Dental bills sharpen their teeth

You can now add ‘higher prices’ to the list of reasons to put off your next visit to the dentist, alongside ‘awkward small talk’ and ‘pointy tools.’ 

What happened: Provincial dental associations have increased prices by an average of 5.99% in their dental fee guides, which help dentists determine how to price their services. 

  • It’s the second straight year of hikes well above the typical 3-4% that was seen from 2017 to 2021. Last year, the average fee increase was even higher, hitting 7.35%. 

Why it’s happening: “Dentistry in Canada is facing a significant and unprecedented labour crisis,” Elliot Pobjoy, founder of dental newsletter Morning Floss told The Peak. The labour shortage has driven compensation up, a cost now being borne out by price increases.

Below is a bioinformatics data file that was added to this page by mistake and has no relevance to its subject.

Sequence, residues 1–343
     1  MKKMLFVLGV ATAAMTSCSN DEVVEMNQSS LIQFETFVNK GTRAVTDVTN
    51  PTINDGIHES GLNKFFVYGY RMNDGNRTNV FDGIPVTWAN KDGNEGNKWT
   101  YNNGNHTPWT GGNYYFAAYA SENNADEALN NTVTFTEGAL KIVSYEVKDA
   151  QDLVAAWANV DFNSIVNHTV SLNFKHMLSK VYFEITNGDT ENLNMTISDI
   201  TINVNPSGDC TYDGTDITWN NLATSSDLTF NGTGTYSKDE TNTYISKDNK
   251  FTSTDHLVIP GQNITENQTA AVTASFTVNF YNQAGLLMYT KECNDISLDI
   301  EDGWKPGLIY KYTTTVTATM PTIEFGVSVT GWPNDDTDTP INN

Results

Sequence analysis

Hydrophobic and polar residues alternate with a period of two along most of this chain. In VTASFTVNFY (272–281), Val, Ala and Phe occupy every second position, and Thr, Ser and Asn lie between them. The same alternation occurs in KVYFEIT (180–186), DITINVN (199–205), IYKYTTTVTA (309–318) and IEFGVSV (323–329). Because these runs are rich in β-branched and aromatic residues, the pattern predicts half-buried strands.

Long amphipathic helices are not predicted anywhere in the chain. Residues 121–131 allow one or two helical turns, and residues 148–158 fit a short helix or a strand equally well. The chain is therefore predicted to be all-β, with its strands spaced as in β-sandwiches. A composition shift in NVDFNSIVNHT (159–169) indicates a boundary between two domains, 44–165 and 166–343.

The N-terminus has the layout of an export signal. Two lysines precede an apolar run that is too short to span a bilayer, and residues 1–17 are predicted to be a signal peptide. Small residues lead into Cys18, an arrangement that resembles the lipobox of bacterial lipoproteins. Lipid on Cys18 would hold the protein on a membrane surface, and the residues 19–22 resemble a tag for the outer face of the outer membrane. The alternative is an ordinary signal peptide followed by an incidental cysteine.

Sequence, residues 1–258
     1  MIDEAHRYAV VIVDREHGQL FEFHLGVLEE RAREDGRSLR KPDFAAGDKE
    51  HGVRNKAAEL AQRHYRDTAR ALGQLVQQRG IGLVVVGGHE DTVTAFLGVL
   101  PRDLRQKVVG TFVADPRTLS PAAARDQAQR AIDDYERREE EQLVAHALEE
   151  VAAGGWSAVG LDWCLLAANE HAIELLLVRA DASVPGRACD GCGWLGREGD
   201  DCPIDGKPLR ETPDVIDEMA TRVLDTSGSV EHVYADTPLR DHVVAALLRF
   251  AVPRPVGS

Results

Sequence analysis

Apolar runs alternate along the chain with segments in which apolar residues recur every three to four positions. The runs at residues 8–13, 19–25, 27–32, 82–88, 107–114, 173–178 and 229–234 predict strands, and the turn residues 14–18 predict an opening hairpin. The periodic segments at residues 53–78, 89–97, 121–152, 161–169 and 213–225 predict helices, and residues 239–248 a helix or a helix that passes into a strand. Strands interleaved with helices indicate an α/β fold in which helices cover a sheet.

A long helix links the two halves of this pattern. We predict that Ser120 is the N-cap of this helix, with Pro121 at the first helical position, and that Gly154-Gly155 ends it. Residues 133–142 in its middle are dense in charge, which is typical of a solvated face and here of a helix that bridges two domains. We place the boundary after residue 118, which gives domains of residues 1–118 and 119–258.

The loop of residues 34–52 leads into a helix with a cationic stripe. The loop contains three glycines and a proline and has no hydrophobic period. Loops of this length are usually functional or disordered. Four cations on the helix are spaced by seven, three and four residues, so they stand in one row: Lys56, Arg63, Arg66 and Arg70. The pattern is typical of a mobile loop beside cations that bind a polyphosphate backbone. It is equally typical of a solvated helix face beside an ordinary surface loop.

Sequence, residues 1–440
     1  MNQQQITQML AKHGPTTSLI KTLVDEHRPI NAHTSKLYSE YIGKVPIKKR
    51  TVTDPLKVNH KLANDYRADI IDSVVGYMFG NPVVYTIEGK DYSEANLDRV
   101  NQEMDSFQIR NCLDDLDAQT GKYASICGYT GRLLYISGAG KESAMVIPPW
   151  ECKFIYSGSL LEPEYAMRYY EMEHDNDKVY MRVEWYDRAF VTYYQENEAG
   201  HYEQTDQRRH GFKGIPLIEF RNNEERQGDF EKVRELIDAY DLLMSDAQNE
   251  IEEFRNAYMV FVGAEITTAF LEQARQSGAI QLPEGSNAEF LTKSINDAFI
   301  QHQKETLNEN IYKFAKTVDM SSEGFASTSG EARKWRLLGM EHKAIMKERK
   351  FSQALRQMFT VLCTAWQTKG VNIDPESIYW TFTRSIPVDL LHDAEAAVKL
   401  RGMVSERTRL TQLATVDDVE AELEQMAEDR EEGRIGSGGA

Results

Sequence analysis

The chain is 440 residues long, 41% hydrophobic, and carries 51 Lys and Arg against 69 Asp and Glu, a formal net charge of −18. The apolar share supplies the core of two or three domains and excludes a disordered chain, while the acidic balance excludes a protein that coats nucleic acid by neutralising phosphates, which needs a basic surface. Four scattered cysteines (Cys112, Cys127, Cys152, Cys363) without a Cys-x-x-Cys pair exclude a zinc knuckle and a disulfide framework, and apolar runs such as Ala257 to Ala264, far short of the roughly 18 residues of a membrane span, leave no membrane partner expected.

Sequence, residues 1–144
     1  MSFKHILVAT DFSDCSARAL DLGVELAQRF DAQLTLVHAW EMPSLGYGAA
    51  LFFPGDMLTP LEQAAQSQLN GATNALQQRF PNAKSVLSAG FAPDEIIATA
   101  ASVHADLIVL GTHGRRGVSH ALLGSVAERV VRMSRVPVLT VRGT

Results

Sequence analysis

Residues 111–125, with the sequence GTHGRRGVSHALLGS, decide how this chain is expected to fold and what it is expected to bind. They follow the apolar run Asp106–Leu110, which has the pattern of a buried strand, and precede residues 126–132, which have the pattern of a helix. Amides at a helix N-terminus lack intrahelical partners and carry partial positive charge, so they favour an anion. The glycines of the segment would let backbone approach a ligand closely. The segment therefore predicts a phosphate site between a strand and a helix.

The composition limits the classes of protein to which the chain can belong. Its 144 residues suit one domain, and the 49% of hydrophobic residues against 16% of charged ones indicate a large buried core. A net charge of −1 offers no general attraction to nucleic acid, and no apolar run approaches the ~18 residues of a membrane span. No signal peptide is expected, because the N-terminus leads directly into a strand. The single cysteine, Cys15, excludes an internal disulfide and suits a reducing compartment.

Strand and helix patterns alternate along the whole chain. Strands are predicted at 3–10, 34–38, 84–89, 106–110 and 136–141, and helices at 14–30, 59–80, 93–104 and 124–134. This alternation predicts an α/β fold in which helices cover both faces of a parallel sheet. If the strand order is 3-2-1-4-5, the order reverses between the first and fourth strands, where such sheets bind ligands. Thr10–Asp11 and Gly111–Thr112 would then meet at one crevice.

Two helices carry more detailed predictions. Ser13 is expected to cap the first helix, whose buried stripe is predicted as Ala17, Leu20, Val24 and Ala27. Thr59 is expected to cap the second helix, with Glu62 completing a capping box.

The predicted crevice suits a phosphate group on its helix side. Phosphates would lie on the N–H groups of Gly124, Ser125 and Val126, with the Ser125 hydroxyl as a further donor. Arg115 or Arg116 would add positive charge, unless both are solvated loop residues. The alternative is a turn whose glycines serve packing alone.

• Inflationary pressures have also been a root canal-sized pain for dentists as they pay more for rent, utilities, equipment, and stringent infection prevention measures. 

Zoom out: The hikes coincide with the roll-out of the Canada Dental Benefit, which expands dental coverage for lower-income Canadians and could lead to a surge in visits

  • Pobjoy says there’s no link between the benefit and the hikes, as governments “determine their own reimbursement rates, often much lower than fee guidelines.”

Why it matters: The price of your next dentist visit could cost more after these changes. Though most Canadians have dental coverage, look out for those out-of-pocket costs.—QH